Printmaker Lives Art of Staying Young

When I say that I absolutely oppose retirement, I don’t mean we should remain tethered to our lifelong, sometimes tiresome, jobs. I refer to something else altogether: retirement from life. Sitting around or watching television all day is the fastest track toward any number of ailments and perhaps an early demise.

Instead, make it your job to pursue an ongoing, active engagement in life. This can involve exercise with friends, hobbies, mingling with all ages, volunteering, staying useful and, by all means, having fun.

It can also include returning to school and starting a new career. Arthur Krakower, age 84, is not only an excellent painter and printmaker, he is also a fine example. Krakower was the oldest person to graduate from Oakland’s California College for the Arts. He received a master’s degree at age 81.

Krakower spared a few moments from painting to speak to me from his Peninsula studio. “I loved the challenge of school, and mixing with younger people,” he exclaimed over the phone. “The changes I went through keep me young.”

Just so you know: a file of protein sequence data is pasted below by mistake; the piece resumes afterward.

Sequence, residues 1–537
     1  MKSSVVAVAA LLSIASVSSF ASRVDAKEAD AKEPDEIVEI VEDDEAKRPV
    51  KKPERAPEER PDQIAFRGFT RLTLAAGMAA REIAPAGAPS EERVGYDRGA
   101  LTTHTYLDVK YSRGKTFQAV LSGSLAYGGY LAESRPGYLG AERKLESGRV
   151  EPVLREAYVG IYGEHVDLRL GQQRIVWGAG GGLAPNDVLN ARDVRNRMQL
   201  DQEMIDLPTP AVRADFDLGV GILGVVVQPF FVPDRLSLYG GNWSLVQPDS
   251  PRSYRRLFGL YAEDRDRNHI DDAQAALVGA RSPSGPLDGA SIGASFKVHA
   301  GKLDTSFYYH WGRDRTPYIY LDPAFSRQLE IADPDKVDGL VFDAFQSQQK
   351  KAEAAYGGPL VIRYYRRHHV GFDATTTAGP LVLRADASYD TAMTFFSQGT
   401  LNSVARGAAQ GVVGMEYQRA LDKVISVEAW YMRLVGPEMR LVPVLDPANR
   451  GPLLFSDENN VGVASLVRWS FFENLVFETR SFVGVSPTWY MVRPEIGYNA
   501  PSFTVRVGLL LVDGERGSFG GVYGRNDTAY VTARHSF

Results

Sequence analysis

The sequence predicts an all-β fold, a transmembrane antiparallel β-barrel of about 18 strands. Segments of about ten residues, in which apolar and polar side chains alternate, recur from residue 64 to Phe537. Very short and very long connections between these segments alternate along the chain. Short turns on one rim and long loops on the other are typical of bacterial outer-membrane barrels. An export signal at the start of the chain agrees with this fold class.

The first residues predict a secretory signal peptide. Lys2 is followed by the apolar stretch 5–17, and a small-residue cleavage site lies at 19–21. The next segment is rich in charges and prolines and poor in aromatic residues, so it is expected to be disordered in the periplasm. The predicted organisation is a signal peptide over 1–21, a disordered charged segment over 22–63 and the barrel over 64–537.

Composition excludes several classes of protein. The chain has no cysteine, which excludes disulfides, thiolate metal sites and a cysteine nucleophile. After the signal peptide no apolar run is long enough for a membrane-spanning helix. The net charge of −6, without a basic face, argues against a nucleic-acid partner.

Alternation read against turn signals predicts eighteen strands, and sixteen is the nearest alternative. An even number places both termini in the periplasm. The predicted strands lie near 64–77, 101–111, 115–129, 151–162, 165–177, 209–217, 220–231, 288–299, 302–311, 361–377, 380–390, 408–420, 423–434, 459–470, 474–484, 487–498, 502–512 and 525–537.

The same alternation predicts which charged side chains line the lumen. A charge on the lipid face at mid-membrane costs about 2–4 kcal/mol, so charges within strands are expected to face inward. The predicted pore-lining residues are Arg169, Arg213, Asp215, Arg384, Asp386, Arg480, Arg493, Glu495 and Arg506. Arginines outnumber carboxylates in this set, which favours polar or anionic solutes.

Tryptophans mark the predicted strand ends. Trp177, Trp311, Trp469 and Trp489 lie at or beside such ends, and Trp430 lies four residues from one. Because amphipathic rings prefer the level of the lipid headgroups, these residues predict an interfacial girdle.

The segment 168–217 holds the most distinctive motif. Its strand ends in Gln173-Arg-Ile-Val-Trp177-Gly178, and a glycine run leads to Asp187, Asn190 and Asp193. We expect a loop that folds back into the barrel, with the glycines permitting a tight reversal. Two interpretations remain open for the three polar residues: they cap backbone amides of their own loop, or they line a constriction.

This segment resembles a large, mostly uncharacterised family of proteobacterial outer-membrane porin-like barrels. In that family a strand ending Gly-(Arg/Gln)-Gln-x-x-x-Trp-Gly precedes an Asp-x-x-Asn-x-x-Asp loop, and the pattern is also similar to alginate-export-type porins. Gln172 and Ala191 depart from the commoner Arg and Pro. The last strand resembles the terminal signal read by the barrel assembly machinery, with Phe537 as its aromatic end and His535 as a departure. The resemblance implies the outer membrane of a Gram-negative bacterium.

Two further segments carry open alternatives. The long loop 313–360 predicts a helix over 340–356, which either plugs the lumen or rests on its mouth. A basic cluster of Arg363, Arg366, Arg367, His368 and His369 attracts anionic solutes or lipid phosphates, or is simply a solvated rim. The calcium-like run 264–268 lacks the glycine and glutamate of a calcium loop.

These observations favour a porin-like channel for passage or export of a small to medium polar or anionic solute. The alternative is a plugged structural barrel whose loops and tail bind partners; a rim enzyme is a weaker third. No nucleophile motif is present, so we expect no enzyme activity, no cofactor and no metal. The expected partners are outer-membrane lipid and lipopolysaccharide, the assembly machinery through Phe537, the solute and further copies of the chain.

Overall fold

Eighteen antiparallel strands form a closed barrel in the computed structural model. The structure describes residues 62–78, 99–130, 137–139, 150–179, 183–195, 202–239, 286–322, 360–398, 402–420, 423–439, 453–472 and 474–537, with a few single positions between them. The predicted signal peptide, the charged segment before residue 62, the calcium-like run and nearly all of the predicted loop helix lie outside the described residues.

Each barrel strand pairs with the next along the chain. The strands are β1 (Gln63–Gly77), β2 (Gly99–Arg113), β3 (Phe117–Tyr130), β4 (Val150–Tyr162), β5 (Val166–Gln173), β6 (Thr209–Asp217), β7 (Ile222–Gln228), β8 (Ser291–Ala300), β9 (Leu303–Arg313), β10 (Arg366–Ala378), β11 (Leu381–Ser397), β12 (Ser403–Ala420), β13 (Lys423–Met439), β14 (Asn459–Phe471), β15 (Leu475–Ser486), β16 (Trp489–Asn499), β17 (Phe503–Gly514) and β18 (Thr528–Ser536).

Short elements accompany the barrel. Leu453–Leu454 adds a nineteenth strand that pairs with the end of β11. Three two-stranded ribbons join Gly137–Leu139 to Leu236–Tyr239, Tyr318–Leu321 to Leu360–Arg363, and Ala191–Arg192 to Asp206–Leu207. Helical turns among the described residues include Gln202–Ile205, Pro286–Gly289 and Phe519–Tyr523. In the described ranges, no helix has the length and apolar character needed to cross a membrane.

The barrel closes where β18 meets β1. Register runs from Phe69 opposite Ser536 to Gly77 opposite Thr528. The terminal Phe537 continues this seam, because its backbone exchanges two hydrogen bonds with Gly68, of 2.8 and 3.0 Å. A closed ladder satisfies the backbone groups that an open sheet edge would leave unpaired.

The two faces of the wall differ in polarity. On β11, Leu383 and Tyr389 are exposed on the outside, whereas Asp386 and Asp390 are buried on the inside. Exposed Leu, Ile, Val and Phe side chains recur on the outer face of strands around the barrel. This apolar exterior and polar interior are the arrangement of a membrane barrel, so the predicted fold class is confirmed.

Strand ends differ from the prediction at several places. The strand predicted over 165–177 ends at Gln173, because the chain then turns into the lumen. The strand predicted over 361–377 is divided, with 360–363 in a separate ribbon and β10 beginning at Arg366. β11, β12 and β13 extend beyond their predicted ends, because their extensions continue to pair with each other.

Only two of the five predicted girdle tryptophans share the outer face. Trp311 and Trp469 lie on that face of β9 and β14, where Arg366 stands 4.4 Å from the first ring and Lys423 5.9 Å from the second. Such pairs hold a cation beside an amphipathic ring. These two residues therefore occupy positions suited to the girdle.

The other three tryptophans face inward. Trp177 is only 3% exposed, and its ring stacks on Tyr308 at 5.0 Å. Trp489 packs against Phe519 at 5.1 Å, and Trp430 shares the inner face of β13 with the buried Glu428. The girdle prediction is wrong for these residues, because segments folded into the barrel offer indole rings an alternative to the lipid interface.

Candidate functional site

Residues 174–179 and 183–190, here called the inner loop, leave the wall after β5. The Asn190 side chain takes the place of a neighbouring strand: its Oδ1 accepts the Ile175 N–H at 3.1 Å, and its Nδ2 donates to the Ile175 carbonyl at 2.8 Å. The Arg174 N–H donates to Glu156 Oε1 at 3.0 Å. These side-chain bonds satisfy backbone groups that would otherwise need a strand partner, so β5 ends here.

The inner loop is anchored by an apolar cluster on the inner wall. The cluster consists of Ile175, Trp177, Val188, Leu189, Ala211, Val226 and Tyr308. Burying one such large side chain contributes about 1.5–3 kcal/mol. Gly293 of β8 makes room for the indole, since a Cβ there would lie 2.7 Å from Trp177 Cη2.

But, he added, “I don’t want to be remembered for my age, but for my art. It is what I do on canvas, how I handle color, that matters.”

Krakower will indeed be remembered for the quality of his art. I spoke with Andra Norris, design director of San Francisco’s City Picture Frame Gallery. During a gallery show last year, she marveled that “an entire busload of admirers came from out of town to view Krakower’s show, and 70 percent of his work was purchased.”

She added, “Krakower’s work is often based on memories of friends or relatives from his New York youth. Everyone who meets him loves him, and people have a visceral connection with the images he creates. It is magical.” Norris confirmed that it is not Krakower’s age that makes him special.

Impatient to continue working, Krakower concluded our phone conversation with a provocative comment. “Age is always there. What are you accomplishing?”

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